If you’ve never baked homemade bread before, here are a few tips:
Weather can affect your ingredients. If you live in a moist climate, chances are you’ll need at least the recommended amount of flour, maybe even 1/4 cup to 1/2 cup more. Bread dough should be sticky, but still manageable, especially after the first rise. While you’re kneading, the dough should come together and pull away from the sides of the bowl, leaving the bowl mostly clean. (I try not to add too much flour because your bread will be more dense.) When you pick the dough up, some will stick to your fingers. After the first rise, it will be easier to handle!
If your house is cool, your bread will take longer to rise. In the wintertime when my house is cooler than normal, I like to turn the oven on for 2-3 minutes, then turn it off and let the bowl of dough rise in there. The oven traps the heat for a longtime and it’s the perfect atmosphere for rising dough.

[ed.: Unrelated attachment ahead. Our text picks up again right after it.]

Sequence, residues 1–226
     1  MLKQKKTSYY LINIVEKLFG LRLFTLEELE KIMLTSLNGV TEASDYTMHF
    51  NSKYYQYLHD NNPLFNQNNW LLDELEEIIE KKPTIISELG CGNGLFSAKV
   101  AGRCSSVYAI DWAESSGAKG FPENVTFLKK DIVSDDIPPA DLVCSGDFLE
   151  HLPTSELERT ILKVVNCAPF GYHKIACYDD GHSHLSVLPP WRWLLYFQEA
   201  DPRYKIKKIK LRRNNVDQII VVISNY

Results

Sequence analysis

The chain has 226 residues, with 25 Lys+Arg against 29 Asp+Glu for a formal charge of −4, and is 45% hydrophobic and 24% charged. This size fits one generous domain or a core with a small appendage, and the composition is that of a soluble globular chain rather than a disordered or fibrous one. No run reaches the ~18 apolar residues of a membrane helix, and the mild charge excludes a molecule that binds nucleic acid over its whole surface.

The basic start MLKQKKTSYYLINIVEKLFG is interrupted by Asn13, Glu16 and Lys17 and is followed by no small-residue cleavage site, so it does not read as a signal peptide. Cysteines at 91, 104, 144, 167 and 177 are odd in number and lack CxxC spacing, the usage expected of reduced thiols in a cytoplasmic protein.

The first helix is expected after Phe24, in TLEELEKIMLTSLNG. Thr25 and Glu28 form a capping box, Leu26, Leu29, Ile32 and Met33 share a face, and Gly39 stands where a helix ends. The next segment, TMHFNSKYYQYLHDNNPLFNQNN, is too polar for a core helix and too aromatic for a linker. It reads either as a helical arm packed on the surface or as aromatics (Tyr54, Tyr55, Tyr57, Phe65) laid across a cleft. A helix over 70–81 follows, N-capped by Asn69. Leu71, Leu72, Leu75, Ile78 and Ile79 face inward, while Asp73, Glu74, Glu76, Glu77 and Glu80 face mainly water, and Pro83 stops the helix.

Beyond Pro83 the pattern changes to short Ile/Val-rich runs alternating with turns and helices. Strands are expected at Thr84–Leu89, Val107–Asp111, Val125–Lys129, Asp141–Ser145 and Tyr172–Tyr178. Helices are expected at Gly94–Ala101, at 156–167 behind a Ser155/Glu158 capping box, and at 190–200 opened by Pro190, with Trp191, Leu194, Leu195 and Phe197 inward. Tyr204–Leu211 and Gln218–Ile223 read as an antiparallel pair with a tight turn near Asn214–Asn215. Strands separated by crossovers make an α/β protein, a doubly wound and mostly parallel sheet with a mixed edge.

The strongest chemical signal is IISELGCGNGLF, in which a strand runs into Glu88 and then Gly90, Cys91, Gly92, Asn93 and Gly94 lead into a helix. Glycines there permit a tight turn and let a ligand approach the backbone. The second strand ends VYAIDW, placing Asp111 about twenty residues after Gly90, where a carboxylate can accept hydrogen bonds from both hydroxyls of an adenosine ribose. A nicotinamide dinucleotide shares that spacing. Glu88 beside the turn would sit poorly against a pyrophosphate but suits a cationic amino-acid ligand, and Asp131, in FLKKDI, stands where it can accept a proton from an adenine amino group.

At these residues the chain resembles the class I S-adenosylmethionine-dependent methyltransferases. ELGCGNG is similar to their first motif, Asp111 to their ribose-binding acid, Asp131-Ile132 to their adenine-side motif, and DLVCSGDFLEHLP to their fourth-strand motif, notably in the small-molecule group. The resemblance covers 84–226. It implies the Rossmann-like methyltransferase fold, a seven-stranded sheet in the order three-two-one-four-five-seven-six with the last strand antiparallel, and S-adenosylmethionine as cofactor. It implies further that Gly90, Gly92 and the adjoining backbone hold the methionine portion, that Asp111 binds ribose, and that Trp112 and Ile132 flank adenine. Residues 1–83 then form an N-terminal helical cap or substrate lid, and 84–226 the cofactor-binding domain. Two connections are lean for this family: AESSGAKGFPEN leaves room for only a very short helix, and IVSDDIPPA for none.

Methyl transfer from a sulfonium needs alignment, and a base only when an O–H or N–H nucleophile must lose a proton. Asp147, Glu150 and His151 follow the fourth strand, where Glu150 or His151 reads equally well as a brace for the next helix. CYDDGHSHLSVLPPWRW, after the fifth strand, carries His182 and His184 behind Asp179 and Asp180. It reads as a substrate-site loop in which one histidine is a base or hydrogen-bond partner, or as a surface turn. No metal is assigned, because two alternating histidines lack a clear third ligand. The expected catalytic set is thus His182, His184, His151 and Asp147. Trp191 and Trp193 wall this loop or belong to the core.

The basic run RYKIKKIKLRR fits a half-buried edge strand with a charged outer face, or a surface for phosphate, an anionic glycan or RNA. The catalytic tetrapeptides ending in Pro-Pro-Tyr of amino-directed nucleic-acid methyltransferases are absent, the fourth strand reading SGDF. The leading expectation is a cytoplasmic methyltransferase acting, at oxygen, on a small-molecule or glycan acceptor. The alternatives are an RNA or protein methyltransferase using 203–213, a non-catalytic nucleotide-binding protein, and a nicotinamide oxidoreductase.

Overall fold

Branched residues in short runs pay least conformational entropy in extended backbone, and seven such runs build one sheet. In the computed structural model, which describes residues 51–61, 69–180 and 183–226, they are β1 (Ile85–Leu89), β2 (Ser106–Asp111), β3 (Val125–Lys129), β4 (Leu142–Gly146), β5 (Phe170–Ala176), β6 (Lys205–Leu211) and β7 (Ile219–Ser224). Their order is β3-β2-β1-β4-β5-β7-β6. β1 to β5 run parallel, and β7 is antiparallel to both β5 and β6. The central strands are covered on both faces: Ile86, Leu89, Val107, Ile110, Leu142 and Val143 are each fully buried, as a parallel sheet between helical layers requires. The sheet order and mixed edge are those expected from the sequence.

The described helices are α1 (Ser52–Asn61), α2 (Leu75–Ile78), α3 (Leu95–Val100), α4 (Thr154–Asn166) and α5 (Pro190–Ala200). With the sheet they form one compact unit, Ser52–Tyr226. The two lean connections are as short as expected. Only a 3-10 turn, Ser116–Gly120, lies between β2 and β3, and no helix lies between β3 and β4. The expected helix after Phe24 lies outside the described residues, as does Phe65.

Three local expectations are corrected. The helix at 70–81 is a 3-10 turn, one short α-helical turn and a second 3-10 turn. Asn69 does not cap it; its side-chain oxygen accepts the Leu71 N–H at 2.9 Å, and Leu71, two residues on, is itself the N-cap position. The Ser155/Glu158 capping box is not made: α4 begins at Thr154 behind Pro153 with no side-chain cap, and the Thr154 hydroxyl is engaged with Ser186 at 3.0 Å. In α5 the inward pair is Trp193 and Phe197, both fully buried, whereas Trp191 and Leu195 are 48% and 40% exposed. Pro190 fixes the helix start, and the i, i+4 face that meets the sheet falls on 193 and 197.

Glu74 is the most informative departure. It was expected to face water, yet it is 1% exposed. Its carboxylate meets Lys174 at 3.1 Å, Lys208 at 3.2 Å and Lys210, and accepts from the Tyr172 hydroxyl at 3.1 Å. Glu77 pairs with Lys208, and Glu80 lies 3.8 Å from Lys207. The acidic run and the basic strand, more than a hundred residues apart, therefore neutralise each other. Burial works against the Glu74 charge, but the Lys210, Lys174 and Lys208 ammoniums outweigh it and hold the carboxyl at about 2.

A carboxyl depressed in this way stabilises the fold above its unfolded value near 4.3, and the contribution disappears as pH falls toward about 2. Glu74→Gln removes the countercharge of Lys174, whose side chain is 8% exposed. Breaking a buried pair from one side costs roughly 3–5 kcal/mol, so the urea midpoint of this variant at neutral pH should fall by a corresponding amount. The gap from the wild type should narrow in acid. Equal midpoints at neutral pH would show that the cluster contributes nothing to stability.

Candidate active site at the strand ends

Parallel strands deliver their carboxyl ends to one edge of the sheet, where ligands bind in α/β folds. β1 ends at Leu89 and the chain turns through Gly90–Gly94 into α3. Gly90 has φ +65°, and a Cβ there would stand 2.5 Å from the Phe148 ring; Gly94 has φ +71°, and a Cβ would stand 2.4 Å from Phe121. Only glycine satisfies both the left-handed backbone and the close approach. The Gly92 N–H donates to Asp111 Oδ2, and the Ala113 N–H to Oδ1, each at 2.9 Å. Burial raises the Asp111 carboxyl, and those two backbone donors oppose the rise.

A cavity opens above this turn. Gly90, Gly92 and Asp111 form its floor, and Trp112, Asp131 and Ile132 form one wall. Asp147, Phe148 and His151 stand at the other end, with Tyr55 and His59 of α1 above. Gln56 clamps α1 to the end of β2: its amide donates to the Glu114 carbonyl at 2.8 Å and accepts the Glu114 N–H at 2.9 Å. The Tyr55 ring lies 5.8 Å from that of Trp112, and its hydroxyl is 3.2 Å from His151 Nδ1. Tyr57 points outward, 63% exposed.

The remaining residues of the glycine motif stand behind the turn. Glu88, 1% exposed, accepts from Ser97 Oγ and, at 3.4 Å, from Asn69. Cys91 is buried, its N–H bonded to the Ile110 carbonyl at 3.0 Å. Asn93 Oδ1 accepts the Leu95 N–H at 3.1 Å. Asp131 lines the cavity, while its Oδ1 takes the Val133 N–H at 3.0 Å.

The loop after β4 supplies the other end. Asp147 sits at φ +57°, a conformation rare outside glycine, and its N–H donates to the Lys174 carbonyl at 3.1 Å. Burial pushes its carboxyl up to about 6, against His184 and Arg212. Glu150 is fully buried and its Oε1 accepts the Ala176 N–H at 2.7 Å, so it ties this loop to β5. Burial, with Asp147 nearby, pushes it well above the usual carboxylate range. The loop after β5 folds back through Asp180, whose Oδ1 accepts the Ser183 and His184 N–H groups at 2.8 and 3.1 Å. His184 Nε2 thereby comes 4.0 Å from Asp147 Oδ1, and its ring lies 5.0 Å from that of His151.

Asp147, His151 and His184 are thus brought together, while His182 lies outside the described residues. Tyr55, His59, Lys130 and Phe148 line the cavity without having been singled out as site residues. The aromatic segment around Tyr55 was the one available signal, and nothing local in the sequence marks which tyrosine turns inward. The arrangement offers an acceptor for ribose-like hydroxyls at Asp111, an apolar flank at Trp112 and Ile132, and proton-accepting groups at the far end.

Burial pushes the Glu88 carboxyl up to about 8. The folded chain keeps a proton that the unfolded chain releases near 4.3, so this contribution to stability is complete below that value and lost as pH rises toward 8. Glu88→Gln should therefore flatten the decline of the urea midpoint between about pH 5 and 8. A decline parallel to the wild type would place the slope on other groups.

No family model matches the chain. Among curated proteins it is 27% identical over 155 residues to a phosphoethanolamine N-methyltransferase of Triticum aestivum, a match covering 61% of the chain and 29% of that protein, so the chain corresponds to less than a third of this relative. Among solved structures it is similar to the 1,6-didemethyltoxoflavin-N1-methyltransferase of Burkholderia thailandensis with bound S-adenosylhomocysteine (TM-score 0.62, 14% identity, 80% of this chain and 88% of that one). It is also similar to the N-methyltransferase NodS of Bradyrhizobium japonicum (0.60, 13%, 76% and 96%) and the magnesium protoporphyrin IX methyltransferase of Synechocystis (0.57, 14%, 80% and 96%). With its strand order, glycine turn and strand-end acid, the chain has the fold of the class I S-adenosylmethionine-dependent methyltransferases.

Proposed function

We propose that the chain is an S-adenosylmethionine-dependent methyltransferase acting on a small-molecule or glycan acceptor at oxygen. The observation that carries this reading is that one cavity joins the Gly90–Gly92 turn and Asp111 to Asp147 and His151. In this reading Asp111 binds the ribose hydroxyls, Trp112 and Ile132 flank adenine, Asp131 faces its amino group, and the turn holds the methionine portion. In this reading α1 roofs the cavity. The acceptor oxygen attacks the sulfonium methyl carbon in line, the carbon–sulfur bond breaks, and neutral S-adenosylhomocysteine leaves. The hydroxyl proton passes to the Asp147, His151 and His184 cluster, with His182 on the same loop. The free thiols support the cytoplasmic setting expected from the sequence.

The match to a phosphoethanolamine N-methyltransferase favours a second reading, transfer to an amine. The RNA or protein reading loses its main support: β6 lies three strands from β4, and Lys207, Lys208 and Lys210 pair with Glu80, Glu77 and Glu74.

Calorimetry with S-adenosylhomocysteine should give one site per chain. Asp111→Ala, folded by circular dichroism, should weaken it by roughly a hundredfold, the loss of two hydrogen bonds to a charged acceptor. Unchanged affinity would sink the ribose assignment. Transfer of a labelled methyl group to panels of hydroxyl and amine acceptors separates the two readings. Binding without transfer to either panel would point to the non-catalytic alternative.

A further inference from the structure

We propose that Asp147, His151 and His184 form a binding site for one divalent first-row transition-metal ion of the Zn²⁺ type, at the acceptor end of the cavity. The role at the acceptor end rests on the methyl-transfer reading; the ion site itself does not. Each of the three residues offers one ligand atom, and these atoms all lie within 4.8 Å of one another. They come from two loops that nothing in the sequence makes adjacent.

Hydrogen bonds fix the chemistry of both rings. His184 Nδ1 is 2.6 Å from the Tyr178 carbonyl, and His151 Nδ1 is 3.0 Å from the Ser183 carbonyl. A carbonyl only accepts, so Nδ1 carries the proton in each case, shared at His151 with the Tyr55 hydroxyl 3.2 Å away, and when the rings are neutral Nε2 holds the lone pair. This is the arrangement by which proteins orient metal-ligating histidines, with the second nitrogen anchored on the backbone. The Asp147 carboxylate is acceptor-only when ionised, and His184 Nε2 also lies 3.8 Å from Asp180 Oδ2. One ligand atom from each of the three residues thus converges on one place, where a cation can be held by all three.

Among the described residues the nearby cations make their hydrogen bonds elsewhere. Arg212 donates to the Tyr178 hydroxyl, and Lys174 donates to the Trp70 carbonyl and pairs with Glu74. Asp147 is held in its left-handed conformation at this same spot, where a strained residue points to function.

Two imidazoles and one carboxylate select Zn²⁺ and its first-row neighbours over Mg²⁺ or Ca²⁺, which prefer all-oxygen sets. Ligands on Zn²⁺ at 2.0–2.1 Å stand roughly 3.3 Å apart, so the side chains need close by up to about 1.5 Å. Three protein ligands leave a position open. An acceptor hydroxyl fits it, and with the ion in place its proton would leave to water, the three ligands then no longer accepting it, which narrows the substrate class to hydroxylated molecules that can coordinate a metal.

After the first rise, don’t overwork the dough. I usually knead and shape my dough in about 1 minute, then it’s back in the pan to rest, for the 2nd rise. I like to have the pan rise in the oven for this second rise so that I don’t have to worry about moving risen dough. When it’s fully risen, I just turn the oven on and set the timer to bake!
How can you tell if bread is fully baked? I like to use a food thermometer. Mine is digital, so it’s very easy to use. Fully cooked bread will be 190-200 degrees F. Bread recipes that include milk will need to cook until 200 degrees, but since this one doesn’t, I take it out once it reaches 190 degrees. The top will be golden brown.
Cool baked bread in the pan for 10-15 minutes, then overturn pan and turn loaf out onto a cooling rack or folded towel to finish cooling. If you leave the bread in the pan for much longer than that, you’ll steam it, which may result in soggy parts. No one likes soggy bread!
To Make this Recipe You’Il Need the following ingredients:
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